The RJD20 front has been silent for a few weeks for good reason: my wife and I moved into a house! Now that we’re settled (for the most part), weekly articles and more shall return. This is the first piece I’m writing from our new office, looking out over a serene lake, autumnal trees looming over the shimmering water. It’s a splendid office, it’s a splendid house. Already, I’ve played three Dungeons & Dragons sessions here (two as a DM, one as a player), and look forward to rolling many more dice in our own dungeon decorated and designed specifically to play games like D&D.

So, how has Caught in Galen been going? Absolutely incredibly. We went on our longest hiatus (two weeks) due to a possible sickness and our move, but we quickly leaped back into the fray. This article will observe and dissect sessions 16-17 of Caught in Galen, enjoy!

Who is Poppy?


Secrets are a powerful tool in D&D. Whether its secrets of NPCs— the vampire has a long lost love he cannot battle; the red dragon keeps a deadly wizard deep in its lair; the goblin boss isn’t as macho as many of his kin believe — or secrets of PCs, they can be utilized to drive the story forward, build tension, and unleash climactic moments your players will remember for the rest of the campaign, if not the rest of their lives.

Caught in Galen is rife with secrets, both of NPCs and PCs, and it’s better for it. One example of a secret wielded well is in session 16.

As a trio of pale, nude high elves with tattoos of sulking brains on their heads attacked the characters’ home base, the elves called out to someone named Poppy. Obviously, they were baiting this “Poppy” into confronting them or revealing herself. They knew Poppy was present, but no one else in the party or the establishment knew of a Poppy...or so they said. As the combat evolved and even after it ended with the climactic reveal of the kidnapping of a dear NPC, the players and their characters speculated about Poppy. Who was Poppy? Why did the elves want her? Why wasn’t Poppy revealing herself? The questions continued and were subtly brushed away.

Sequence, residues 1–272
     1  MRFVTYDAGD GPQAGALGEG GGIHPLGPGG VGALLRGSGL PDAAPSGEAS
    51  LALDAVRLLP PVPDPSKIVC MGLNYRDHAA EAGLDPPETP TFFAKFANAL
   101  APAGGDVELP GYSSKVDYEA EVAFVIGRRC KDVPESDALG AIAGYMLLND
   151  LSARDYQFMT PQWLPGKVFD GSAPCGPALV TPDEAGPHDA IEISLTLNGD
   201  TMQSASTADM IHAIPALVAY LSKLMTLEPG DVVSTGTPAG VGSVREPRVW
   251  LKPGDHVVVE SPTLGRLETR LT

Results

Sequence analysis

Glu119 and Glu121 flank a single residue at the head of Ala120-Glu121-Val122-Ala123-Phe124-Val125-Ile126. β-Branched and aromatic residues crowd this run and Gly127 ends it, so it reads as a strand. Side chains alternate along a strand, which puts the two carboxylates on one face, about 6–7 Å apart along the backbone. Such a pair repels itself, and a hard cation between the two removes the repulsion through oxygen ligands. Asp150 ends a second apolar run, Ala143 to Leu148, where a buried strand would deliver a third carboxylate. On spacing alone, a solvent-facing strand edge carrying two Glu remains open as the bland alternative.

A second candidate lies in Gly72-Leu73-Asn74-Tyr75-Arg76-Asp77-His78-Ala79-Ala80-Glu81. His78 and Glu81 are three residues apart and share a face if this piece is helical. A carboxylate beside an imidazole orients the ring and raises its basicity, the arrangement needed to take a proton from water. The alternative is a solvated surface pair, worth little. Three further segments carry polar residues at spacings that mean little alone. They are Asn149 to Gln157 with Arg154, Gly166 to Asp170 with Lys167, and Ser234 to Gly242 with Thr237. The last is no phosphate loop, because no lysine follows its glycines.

Of course, Poppy is the true identity of one of the party members; it’s a name she used to go by in her homeland and it has chased her all the way to the City of Magic. What the elves want, why they’re interested in Poppy, and what the ultimate outcome of their involvement in the story will be is all driven by a secret. This secret, forged by a player, successfully added another layer to the story and coalesced a veil of mystery between party members. Ensuring the secret doesn’t divide the party, ensuring it simply manifests in a fun and interesting way, the secret will surely continue to make the campaign better.

What can we learn here? Secrets are powerful tools, but they must be used properly. If the DM reveals a PC secret too soon or at the wrong time, it can upset a player and, possibly, erode trust between PCs. That’s not the goal; the goal of wielding a secret properly is ensuring it makes the game more interesting and more fun.